This item was reviewed in:
Publishers Weekly, April 2012
Washington Post, September 2012
To find out how to look for other reviews, please see our guides to finding book reviews in the Sciences or Social Sciences and Humanities.
Summaries
Bowker Data Service Summary
In this book, Fred Harris contends that Obama's success has, in reality, exacted a negative price. His victory has not only utterly transformed the forms of black politics that emerged in the 1960s and which laid the foundation for his eventual ascendance, Harris claims - it has profoundly weakened them.
Long Description
The historical significance of Barack Obama's triumph in the presidential election of 2008 scarcely requires comment. Yet it contains an irony: he won a victory as an African American only by denying that he was the candidate of African Americans. Obama's very success, writes Fredrick Harris, exacted a heavy cost on black politics. In The Price of the Ticket, Harris puts Obama's career in the context of decades of black activism, showing how his election undermined the very movement that made it possible. The path to his presidency began just before passage of the 1965 Voting Rights Act, when black leaders began to discuss strategies to make the most of their new access to the ballot. Some argued that black voters should organize into a cohesive, independent bloc; others urged a more race-neutral approach,working together with other racial minorities as well as like-minded whites. This has been the fundamental divide within black politics ever since. At first, the gap did not seem serious. But the post-civil-rights era has accelerated a shift towards race-neutral politics. Obama made a point of distancing himselffrom older race-conscious black leaders, such as Al Sharpton and Jesse Jackson--even though, as Harris shows, he owes much to Jackson's earlier campaigns for the White House. Unquestionably Obama's approach won support among whites, but Harris finds the results troublesome. The social problems targeted by an earlier generation of black politicians--racial disparities in income and education, stratospheric incarceration and unemployment rates, rampant HIV in black communities--all persist, yetObama's election, ironically, marginalized them. Meanwhile, the civil-rights movement's militancy is fading from memory. Written by one of America's leading scholars of race and politics, The Price of the Ticket will reshape our understanding of the rise of Barack Obama and the decline of a politics dedicated to challenging racial inequality head on.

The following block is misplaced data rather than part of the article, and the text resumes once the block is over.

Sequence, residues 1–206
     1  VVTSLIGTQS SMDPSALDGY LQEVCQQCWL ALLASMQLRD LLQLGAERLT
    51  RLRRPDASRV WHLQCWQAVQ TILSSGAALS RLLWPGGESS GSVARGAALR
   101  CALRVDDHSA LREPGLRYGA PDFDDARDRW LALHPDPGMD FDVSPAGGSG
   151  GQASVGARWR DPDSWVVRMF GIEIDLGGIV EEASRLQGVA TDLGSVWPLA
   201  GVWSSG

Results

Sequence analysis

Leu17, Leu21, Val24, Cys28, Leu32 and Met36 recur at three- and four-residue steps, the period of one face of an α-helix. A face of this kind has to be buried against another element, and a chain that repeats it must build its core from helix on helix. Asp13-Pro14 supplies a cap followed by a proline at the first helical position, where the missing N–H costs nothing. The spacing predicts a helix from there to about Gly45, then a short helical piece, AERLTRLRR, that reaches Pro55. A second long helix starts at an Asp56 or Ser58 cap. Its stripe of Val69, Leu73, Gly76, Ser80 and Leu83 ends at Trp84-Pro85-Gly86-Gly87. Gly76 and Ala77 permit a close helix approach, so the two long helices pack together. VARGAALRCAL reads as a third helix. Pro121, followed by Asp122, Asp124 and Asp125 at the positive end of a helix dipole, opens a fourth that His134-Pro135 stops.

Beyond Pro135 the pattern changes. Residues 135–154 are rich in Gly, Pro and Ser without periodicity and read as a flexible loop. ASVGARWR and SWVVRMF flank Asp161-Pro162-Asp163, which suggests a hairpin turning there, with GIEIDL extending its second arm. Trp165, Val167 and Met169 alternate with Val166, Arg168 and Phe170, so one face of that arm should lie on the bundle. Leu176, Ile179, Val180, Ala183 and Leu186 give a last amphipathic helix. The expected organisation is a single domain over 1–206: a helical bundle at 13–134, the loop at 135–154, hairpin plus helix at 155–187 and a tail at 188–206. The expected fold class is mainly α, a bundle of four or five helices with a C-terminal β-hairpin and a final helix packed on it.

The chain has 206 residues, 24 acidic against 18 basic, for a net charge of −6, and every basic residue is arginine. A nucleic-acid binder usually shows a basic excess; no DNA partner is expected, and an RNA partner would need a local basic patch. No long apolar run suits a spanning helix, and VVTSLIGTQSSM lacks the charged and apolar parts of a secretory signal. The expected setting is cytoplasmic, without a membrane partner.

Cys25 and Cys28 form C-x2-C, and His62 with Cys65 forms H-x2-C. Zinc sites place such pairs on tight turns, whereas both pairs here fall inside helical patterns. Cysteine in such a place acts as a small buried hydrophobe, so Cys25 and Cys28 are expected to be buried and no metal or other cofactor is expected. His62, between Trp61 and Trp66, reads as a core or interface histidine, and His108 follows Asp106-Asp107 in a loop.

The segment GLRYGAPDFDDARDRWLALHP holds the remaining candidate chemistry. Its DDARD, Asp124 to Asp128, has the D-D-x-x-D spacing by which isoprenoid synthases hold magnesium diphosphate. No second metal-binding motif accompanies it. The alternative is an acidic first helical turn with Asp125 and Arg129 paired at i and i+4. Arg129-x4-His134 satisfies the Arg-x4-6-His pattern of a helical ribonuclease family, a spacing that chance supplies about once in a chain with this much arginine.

Main Description
The historical significance of Barack Obama's triumph in the presidential election of 2008 scarcely requires comment. Yet it contains an irony: he won a victory as an African American only by denying that he was the candidate of African Americans. Obama's very success, writes Fredrick Harris, exacted a heavy cost on black politics. In The Price of the Ticket, Harris puts Obama's career in the context of decades of black activism, showing how his election undermined the very movement that made it possible. The path to his presidency began just before passage of the 1965 Voting Rights Act, when black leaders began to discuss strategies to make the most of their new access to the ballot. Some argued that black voters should organize into a cohesive, independent bloc; others urged a more race-neutral approach, working together with other racial minorities as well as like-minded whites. This has been the fundamental divide within black politics ever since. At first, the gap didnot seem serious. But the post-civil-rights era has accelerated a shift towards race-neutral politics. Obama made a point of distancing himself from older race-conscious black leaders, such as Al Sharpton and Jesse Jackson - even though, as Harris shows, he owes much to Jackson's earlier campaigns for the White House. Unquestionably Obama's approach won support among whites, but Harris finds the results troublesome. The social problems targeted by an earlier generation of black politicians - racial disparities in income and education, stratospheric incarceration and unemployment rates, rampant HIV in black communities - all persist, yet Obama's election, ironically, marginalized them. Meanwhile, the civil-rights movement's militancy is fading from memory. Written by one of America's leading scholars of race and politics, The Price of the Ticket will reshape our understanding of the rise of Barack Obama and the decline of a politics dedicated to challenging racial inequality headon.
Main Description